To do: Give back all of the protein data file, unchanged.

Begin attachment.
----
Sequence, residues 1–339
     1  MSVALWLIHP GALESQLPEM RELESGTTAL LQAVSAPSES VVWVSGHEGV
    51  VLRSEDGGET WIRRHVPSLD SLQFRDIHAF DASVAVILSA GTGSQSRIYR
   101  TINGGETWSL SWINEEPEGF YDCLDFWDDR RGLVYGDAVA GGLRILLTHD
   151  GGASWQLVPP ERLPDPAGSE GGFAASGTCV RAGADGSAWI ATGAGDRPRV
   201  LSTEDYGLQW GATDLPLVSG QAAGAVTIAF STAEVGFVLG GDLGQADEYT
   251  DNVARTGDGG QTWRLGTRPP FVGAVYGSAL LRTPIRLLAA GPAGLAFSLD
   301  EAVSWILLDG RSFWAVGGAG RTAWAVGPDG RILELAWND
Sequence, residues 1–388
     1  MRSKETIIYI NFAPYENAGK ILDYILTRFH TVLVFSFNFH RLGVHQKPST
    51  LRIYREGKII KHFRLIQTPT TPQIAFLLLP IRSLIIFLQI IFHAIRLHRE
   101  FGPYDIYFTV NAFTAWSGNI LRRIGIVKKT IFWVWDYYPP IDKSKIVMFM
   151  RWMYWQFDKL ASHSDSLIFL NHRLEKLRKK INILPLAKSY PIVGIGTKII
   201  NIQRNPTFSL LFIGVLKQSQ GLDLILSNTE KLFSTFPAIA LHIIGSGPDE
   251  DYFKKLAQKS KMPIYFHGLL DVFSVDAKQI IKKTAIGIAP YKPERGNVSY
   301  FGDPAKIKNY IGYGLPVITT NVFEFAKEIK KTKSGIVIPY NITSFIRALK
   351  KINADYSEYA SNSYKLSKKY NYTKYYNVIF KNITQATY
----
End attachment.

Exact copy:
Sequence, residues 1–339
     1  MSVALWLIHP GALESQLPEM RELESGTTAL LQAVSAPSES VVWVSGHEGV
    51  VLRSEDGGET WIRRHVPSLD SLQFRDIHAF DASVAVILSA GTGSQSRIYR
   101  TINGGETWSL SWINEEPEGF YDCLDFWDDR RGLVYGDAVA GGLRILLTHD
   151  GGASWQLVPP ERLPDPAGSE GGFAASGTCV RAGADGSAWI ATGAGDRPRV
   201  LSTEDYGLQW GATDLPLVSG QAAGAVTIAF STAEVGFVLG GDLGQADEYT
   251  DNVARTGDGG QTWRLGTRPP FVGAVYGSAL LRTPIRLLAA GPAGLAFSLD
   301  EAVSWILLDG RSFWAVGGAG RTAWAVGPDG RILELAWND
Sequence, residues 1–388
     1  MRSKETIIYI NFAPYENAGK ILDYILTRFH TVLVFSFNFH RLGVHQKPST
    51  LRIYREGKII KHFRLIQTPT TPQIAFLLLP IRSLIIFLQI IFHAIRLHRE
   101  FGPYDIYFTV NAFTAWSGNI LRRIGIVKKT IFWVWDYYPP IDKSKIVMFM
   151  RWMYWQFDKL ASHSDSLIFL NHRLEKLRKK INILPLAKSY PIVGIGTKII
   201  NIQRNPTFSL LFIGVLKQSQ GLDLILSNTE KLFSTFPAIA LHIIGSGPDE
   251  DYFKKLAQKS KMPIYFHGLL DVFSVDAKQI IKKTAIGIAP YKPERGNVSY
   301  FGDPAKIKNY IGYGLPVITT NVFEFAKEIK KTKSGIVIPY NITSFIRALK
   351  KINADYSEYA SNSYKLSKKY NYTKYYNVIF KNITQATY